The Bernard and Audre Rapoport Center for Human Rights and Justice

Partners for change at the intersection of academics and advocacy.

Rapoport Center Announces Spring 2013 Undergraduate Interns

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Undergraduate Interns (left to right) Saif Kazim, Lalini Pedris, and Travis Knoll

The Bernard and Audre Rapoport Center for Human Rights and Justice at the University of Texas School of Law has named three undergraduate students as interns for the Spring 2013 semester. Saif Kazim, Lalini Pedris, and Travis Knoll were selected on the basis of their academic credentials, leadership skills, and dedication to human rights work.

The interns work with Rapoport Center faculty, staff, and Human Rights Scholars to assist with research and advocacy projects, promote Rapoport Center events, participate in interdisciplinary Working Groups, expand the Center's social media presence, and serve as liaisons to the undergraduate community.

Saif Kazim is a senior studying Sociology Honors with a minor in Biology. He is writing his honors thesis on human rights advocacy in the aftermath of the 1984 industrial disaster in Bhopal, India, and is particularly interested in the role of law in postcolonial societies. Born in Saudi Arabia to parents of Indian origin, Saif hopes to utilize his diverse background towards confronting the challenges of human rights work in various cultural contexts. He has worked with various campus groups to organize awareness campaigns over important human rights issues, most recently concerning human rights in the Gaza Strip as well as the uprising in Bahrain. Saif hopes to pursue a dual degree program in law and social sciences.

Travis Knoll, a Latin American History major from Dallas, was first exposed to human rights while working at the Texas Civil Rights Project in Austin. Travis analyzed the cultural and social effects of gentrification and removal efforts in the Vila of São Tomás for the Cultural Foundation of the City of Belo Horizonte, Brazil. Travis' thesis, "Critiques of Machismo and Authoritarian Structures in Contemporary Argentine Cinema," analyzes Argentine film, mostly historical films dealing with the 1976 repression, and their representation of the complex relationships between gender, memory, and authoritarian regimes. After graduation, Travis hopes to pursue a Masters at LLILAS or study Catholic intellectuals in Brazil and Argentina between 1930-1980. He hopes to pursue a career in academia, journalism, or international relations.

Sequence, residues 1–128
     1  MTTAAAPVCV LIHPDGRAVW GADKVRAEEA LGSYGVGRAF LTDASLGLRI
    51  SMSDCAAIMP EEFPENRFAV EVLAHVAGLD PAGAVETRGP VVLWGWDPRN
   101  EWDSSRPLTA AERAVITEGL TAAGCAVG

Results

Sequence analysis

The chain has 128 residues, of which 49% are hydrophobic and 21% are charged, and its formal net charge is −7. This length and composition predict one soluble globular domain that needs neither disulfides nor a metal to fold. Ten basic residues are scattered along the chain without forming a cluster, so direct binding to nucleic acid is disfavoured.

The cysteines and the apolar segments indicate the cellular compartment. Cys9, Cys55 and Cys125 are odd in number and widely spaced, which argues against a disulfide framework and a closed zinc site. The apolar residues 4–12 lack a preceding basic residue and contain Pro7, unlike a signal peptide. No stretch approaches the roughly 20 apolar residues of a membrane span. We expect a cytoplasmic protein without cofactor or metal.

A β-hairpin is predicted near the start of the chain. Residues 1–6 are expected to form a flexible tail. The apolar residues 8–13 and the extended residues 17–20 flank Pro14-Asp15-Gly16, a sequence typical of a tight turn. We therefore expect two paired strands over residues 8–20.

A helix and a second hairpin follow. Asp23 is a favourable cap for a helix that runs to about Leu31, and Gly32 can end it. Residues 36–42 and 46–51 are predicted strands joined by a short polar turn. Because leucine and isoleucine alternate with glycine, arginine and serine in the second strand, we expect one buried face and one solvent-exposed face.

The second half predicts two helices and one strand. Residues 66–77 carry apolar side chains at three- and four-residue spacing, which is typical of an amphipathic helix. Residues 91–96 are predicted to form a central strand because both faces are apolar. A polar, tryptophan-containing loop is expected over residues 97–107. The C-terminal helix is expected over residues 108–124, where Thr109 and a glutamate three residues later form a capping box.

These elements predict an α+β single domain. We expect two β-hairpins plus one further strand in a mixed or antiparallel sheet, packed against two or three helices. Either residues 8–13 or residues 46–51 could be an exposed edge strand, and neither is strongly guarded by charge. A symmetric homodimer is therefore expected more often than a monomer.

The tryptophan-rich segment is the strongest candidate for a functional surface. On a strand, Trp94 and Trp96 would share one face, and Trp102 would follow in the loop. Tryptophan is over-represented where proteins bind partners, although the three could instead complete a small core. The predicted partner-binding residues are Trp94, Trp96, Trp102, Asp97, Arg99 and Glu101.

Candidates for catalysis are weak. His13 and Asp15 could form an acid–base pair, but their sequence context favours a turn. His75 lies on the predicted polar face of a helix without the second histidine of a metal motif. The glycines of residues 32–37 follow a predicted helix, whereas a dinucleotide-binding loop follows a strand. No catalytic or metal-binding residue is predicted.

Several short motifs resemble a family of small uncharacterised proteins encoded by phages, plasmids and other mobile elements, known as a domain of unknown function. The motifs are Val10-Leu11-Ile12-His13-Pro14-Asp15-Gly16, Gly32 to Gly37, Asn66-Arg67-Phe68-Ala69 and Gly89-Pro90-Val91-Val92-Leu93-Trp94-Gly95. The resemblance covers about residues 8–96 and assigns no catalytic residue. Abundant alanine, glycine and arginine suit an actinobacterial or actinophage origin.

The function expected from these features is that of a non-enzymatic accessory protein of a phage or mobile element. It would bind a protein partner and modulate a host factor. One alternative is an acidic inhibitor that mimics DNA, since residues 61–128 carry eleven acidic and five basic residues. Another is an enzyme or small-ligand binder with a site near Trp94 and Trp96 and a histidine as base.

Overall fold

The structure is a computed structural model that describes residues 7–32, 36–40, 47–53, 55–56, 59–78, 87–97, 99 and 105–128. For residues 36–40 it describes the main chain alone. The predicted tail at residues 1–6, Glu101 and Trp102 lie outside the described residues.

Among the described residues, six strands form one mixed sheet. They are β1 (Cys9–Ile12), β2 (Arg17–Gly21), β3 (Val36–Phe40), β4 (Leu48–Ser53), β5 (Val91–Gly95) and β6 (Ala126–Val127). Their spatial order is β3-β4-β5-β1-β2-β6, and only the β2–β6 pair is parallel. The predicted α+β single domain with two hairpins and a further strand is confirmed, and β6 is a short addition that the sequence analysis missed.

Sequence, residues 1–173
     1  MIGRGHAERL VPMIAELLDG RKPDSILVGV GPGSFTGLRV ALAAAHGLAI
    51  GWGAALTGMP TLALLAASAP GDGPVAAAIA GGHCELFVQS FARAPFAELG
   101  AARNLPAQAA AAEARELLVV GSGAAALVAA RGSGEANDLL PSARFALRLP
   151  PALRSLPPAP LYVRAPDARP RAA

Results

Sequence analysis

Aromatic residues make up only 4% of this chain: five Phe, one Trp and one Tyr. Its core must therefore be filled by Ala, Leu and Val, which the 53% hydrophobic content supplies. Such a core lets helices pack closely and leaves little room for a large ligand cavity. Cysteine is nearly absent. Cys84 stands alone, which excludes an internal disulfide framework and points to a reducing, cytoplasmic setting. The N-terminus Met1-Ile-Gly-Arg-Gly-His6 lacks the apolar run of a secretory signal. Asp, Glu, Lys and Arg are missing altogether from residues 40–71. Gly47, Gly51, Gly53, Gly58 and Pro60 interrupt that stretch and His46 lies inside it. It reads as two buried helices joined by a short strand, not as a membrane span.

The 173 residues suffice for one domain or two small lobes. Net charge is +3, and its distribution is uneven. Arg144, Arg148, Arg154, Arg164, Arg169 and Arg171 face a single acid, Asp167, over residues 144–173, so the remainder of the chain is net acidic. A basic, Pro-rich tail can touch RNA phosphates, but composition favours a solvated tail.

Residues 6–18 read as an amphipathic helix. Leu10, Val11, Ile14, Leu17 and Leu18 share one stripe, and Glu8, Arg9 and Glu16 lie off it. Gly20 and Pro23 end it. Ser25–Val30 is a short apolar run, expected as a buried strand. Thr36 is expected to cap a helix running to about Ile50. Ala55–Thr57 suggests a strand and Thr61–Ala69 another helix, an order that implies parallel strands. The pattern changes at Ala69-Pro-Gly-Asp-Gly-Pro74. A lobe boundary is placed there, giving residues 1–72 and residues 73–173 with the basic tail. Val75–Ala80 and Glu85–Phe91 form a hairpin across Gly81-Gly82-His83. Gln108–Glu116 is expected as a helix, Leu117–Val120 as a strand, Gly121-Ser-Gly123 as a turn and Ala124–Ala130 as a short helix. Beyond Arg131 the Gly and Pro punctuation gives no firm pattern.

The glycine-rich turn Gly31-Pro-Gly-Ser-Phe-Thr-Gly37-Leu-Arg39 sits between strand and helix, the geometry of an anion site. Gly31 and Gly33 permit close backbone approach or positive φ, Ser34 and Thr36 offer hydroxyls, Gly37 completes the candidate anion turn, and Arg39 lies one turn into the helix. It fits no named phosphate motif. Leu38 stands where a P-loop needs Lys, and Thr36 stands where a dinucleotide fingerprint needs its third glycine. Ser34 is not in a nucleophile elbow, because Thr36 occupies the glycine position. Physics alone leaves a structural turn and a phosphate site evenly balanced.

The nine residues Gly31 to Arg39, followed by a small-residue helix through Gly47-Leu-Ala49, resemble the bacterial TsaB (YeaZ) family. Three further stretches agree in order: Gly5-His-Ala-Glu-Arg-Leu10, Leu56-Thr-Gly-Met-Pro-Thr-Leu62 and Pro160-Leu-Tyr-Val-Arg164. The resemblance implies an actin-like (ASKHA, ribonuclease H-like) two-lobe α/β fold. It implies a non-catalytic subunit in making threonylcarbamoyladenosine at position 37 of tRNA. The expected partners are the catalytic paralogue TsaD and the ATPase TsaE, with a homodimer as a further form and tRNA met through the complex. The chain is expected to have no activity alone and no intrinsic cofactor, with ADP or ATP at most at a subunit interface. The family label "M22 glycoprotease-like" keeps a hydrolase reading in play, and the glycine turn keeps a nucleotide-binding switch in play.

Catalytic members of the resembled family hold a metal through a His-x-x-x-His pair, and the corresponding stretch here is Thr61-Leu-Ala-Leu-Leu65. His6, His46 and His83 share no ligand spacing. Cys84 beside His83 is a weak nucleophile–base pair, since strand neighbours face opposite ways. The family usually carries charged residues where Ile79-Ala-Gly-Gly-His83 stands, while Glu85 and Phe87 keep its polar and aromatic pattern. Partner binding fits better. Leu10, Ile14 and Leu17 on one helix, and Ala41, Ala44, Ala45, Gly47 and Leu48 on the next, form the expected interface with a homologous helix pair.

Lalini Pedris is a senior in Liberal Arts Honors double-majoring in International Relations & Global Studies and Geography, with a Bridging Disciplines Program certificate in Human Rights & Social Justice. Her passion for human rights led her to conduct research in the Kalahari this past summer regarding the impacts of the diamond mining industry on the San people of Botswana. Lalini's interest in peace and conflict studies initially arose from her visits to Sri Lanka, the country of her heritage, during the civil war. She is also interested in the conflicting relationships between human development and environmental and wildlife conservation, and plans to pursue a career in investigative journalism. Lalini is also interning with the Center for Asian American Studies.

The Bernard and Audre Rapoport Center for Human Rights and Justice at the University of Texas School of Law serves as a focal point for critical, interdisciplinary analysis and practice of human rights and social justice.